Germany Prepares to Take Stake in Lufthansa in Bailout
Deutsche Lufthansa AG, locked in tense negotiations over terms of a multibillion-euro state bailout, is considering court protection as a last resort should it fail to reach a deal with the German government, according to people familiar with the matter.
The so-called Schutzschirm protection would shield Europe’s biggest airline from creditors for three months while it works out a management-led restructuring plan. The specter of a court-supervised proceeding comes as talks with Germany intensify over a rescue that could exceed 8 billion euros ($8.7 billion), said the people, who asked not to be named because the talks are private.
One option being discussed includes giving the government seats on the board and the power to block strategic decisions, one person said, terms Lufthansa is loath to accept because they may dent its competitiveness. The carrier is already cutting back its fleet to reflect depressed levels of travel that could last for years after the coronavirus pandemic passes.
A spokesperson for Lufthansa said the company was examining all possibilities, while a government official said Germany is seeking a consensus.
Major U.S. airlines such as American Airlines Group Inc., Delta Air Lines Inc. and United Airlines Holdings Inc. have been through bankruptcy proceedings over the last two decades, but it’s less common for flag carriers in Europe. German airline Condor last year applied for court protection after the demise of U.K. parent Thomas Cook Group Plc.
While talks are continuing and German leaders have promised not to allow Lufthansa to fail, the possibility of creditor protection -- unthinkable before the virus hit -- harks back to the global financial crisis a decade ago when some banks and automakers were restructured under government oversight.
The International Air Transport Association has said the coronavirus will lead to $314 billion in lost revenues for airlines, and force many out of business.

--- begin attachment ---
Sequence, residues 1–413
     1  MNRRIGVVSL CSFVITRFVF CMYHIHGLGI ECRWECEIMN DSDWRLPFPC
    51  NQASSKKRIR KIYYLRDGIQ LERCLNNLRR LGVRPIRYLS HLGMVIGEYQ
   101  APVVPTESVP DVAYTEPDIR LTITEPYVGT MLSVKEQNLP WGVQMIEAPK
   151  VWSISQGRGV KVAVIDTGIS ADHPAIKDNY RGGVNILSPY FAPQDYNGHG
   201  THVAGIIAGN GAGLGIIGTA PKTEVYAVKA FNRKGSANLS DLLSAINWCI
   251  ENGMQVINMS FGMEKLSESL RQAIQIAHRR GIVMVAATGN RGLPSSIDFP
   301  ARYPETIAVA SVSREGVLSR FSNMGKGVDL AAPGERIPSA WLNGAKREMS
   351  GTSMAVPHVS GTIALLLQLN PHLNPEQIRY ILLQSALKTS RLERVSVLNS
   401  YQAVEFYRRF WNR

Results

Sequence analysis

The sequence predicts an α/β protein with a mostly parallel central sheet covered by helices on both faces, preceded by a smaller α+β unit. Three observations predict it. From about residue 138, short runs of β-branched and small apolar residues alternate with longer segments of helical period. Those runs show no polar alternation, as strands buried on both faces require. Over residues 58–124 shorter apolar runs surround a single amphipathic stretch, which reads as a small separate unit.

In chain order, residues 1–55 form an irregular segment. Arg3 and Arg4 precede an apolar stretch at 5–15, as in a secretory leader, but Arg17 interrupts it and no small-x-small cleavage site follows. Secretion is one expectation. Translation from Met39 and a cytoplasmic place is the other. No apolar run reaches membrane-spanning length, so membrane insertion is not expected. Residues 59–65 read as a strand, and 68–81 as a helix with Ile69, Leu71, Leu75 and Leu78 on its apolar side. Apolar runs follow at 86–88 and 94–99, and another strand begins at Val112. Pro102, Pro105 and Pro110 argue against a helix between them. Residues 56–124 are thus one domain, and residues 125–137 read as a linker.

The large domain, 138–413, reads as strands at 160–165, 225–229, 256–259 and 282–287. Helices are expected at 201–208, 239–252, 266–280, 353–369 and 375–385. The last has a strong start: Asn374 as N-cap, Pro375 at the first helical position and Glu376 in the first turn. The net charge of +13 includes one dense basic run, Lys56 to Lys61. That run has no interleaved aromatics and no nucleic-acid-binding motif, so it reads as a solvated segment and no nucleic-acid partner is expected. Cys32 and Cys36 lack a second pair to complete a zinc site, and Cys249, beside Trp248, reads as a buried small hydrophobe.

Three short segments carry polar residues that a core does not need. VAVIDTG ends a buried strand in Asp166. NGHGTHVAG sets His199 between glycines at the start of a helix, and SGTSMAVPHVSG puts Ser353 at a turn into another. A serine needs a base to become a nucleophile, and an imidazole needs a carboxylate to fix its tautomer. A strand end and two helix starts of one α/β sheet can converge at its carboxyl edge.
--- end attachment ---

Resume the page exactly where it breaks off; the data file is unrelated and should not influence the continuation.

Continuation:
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Lufthansa’s management team fears that the terms on offer would limit the airline’s ability to compete in Europe against low-cost carriers like Ryanair Holdings Plc, and internationally against U.S. and Asian carriers that won’t be as indebted in the wake of the crisis, the people said.
Lufthansa, which connects Germany to the far-flung export markets on which its economic juggernaut depends, has been wrangling with the government over a package that could amount to more than double the company’s market value of about 4 billion euros, said one of the people.
Entering into Schutzschirm, or protective shield in German, must be approved by a court, and must be requested before the company is actually unable to pay its bills. The move would give the airline flexibility to part with more than 160 outstanding plane orders on the books of Boeing Co. and Airbus SE, with the impact potentially rippling through the European planemaker’s factories in France, Germany and the U.K.
The shares rose 2.1% to 8.10 euros at the close in Frankfurt after advancing as much as 12% earlier in the session.
A bailout would follow an even bigger package for European rival Air France-KLM, which was unveiled Friday by French and Dutch finance ministers and came after weeks of talks between the airline, banks and the governments. France and the Netherlands pledged as much as 11 billion euros in loans and guarantees that the carrier had said were crucial to its survival. Lufthansa and Air France-KLM are the region’s two biggest carriers by passenger traffic and considered by the states as too important to fail.
German Economics Minister Peter Altmaier has favored a silent participation and a loan package to help Lufthansa through the crisis, but the Social Democrats, Germany’s junior coalition partner, have demanded far-reaching control over the day-to-day running of the company in return for a multibillion rescue package.
While the Social Democrats seek a veto right with the stake and government representation on the supervisory board, Angela Merkel’s party block wants to lower the active stake to below 25% to avoid making the German carrier too political. German government officials came close to hammering out an accord with Lufthansa on Monday, but discussions about the state taking a stake and the limiting of political control are still ongoing, one person said.
Companies like Lufthansa should “have the opportunity to get back on their own two feet and turn a profit,” Altmaier said on local radio Monday.
The company also operates so-called national flag carriers in Austria, Belgium and Switzerland, which could also be involved in the bailout. The company’s Austrian arm late Tuesday said it is asking for 767 million euros in support from the Austrian government, large parts of which would be repayable loans.
In an ominous sign for airline employees in the region, Scandinavia’s main airline SAS AB became the first major European carrier to permanently slash staff numbers following the outbreak of the virus, cutting as many as 5,000 jobs or about 40% of its workforce. IAG SA followed suit by saying it will slash the work force at its flagship British Airways by almost 30%, culling as many as 12,000 jobs.
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